Wednesday, January 2, 2013

Matteo Garrone | Reality

delusion’s truths
by Douglas Messeerli
Ugo Chiti, Maurizio Braucci, Matteo Garrone, and Massimo Gaudioso (screenplay, based on a story by Matteo Garrone and Massimo Gaudioso), Matteo Garrone (director) Reality / 2012

 Winner of the Grand Prix at the 2012 Cannes Festival--Matteo Garrone’s first film since the dark, Neapolitan Mafia-centered Gomorrah--Reality, although satiric in intent, is perhaps even a darker film, philosophically speaking, than his 2008 work.

      Cinema, by its very nature, has no choice but to question, at some level, the nature of reality, since even what the audience is watching a kind of delusion; from the interplay of light and dark to the film sets (no matter how realistically presented) to the actors’ performances, film is a purposeful delusion, which the audience—in a kind of suspension of belief—temporarily accepts—even if the film plays itself out in terms of exaggeration and fantasy, such as the works of someone like Federico Fellini, whose style, at times, Garrone’s new film embraces.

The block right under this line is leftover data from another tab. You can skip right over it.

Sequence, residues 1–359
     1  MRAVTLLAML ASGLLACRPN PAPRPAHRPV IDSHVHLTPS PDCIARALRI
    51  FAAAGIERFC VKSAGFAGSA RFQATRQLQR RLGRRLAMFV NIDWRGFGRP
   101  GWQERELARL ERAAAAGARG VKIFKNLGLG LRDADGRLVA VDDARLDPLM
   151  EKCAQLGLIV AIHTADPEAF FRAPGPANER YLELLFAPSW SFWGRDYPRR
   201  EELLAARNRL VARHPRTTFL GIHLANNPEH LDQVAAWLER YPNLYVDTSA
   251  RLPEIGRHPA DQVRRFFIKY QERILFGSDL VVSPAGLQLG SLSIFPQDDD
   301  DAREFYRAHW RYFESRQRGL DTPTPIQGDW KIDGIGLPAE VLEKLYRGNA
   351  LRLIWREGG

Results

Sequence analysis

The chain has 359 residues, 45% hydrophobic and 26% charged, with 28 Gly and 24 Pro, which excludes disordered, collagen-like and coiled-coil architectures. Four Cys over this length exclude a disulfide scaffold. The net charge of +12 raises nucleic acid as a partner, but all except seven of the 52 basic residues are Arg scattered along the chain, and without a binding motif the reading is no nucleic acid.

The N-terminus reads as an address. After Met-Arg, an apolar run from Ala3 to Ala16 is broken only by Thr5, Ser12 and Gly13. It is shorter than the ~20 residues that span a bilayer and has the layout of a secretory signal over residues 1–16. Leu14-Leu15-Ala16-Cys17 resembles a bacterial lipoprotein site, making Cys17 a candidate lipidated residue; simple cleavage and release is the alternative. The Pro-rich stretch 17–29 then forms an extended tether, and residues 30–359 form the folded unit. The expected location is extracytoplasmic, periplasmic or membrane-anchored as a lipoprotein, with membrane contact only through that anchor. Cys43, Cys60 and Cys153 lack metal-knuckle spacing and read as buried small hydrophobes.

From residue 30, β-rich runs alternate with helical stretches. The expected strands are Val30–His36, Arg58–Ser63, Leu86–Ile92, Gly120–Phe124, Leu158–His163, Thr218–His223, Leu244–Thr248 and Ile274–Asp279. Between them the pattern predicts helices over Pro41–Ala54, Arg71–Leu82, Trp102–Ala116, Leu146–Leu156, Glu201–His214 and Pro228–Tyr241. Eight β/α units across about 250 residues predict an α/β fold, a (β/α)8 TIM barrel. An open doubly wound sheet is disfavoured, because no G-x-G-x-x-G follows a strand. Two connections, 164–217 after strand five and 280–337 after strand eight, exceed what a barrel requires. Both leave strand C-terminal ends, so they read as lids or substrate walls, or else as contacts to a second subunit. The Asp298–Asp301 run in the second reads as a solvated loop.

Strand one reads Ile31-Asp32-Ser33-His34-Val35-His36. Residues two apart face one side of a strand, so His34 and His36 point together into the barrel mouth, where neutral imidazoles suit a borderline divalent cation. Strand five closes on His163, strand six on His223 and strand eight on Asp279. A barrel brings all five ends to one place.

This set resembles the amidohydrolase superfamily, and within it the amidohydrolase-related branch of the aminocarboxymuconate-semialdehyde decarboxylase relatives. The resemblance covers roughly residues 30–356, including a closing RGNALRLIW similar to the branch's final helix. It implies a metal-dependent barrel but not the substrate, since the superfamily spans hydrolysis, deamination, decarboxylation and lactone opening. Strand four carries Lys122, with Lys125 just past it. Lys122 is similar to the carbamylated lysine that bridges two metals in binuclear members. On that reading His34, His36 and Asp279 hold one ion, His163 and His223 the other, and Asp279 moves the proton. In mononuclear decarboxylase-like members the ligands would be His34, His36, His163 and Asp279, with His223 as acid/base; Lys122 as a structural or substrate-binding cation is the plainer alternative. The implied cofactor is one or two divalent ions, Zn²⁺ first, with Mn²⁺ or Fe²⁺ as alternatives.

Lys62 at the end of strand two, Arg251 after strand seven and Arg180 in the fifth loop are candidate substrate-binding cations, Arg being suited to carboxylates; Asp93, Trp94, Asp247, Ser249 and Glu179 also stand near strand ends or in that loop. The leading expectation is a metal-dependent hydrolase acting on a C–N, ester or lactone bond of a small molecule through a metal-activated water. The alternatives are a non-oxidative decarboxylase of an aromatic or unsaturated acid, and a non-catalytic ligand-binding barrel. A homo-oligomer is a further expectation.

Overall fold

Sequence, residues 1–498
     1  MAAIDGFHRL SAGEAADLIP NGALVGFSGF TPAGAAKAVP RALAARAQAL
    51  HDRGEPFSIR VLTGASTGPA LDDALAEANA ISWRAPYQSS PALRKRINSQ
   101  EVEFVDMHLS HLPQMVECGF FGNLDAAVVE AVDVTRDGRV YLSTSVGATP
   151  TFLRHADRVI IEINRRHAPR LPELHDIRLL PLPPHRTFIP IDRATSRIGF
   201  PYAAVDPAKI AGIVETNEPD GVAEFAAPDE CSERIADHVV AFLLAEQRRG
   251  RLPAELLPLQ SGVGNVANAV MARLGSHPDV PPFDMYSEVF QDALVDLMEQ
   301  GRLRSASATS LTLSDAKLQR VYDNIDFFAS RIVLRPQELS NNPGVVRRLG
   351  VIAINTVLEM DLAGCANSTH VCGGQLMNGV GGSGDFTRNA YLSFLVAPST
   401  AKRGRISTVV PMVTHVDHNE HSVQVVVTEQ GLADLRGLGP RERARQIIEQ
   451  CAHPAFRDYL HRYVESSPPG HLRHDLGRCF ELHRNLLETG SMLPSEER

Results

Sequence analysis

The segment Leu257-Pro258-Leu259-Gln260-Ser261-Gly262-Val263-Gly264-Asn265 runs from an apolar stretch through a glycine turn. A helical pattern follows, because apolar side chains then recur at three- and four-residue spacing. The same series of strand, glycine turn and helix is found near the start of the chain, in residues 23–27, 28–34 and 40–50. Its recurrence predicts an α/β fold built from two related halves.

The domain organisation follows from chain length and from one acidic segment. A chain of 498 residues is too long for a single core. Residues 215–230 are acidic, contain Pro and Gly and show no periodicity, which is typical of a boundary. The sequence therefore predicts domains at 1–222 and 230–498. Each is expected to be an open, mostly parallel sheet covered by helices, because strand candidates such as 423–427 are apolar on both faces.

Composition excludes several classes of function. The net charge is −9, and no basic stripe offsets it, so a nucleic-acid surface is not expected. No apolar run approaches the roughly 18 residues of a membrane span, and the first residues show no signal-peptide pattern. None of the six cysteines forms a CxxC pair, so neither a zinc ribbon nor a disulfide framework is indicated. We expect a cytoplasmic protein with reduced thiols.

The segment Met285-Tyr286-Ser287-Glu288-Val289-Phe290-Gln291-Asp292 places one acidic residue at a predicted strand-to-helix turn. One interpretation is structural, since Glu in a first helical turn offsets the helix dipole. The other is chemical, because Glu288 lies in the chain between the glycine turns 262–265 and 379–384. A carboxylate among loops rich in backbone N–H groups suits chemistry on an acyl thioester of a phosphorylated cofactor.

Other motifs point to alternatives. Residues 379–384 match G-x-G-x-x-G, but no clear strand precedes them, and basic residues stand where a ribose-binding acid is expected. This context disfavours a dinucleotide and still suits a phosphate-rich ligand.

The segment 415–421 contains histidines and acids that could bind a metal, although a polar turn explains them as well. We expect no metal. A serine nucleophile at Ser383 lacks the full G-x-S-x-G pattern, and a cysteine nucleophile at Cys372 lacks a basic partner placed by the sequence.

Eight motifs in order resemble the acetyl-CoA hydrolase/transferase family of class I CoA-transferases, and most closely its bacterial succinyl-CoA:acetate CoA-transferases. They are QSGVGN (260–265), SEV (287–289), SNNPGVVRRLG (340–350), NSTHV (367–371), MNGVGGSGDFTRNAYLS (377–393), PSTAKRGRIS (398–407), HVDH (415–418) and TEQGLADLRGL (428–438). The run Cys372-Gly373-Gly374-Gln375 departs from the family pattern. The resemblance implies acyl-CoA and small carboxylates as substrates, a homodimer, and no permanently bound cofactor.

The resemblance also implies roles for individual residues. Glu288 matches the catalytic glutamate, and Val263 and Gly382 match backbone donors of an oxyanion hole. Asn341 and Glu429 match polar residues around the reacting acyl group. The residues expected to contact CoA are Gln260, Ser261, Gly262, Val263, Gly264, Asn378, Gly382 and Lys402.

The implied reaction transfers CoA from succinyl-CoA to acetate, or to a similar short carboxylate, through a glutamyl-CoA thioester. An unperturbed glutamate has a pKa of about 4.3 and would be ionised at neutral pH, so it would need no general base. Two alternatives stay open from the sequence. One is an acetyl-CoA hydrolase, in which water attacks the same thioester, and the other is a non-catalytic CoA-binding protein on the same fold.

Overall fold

But Garrone has not only recognized that inherent issue in filmmaking, but embraced it as his title and subject. Although most critics to date have noted that the subject of Garrone’s film is “reality” television films, most specifically the popular—particularly in Italy—Grande Fratello (Big Brother) series, few have commented that throughout the whole of Garrone’s film, the larger focus is on concerns of what is or is not “real.”

      The film begins, after a grand Fellini-like swing of the camera across the Neapolitan landscape, with a fairy-tale like wedding, played out in a kind of televised fantasy-land, to which the wedding couple are brought in a ridiculously anachronistic carriage decked out with 17th century-like Austrian rider and horses as if it dropped from the sky from a kitschily topped wedding cake. Inside the gates, the wedding hall and spacious grounds are filled with a Disney-like maze of reflecting pools, concrete bridges, and greenswards that imitate a worker’s vision of paradise. Indeed, the family and guests of the bridge and groom are Neapolitan workers, all outrageously dressed and most of them grossly overweight, including the immediately family of the thinner Luciano (Aniello Arena) and Maria (Loredana Simioli), whose chubby children, father, mother, aunts, and brother obviously love to eat. A group portrait presents a surreal vision of this brightly colored world that might be at home in later works by Fellini.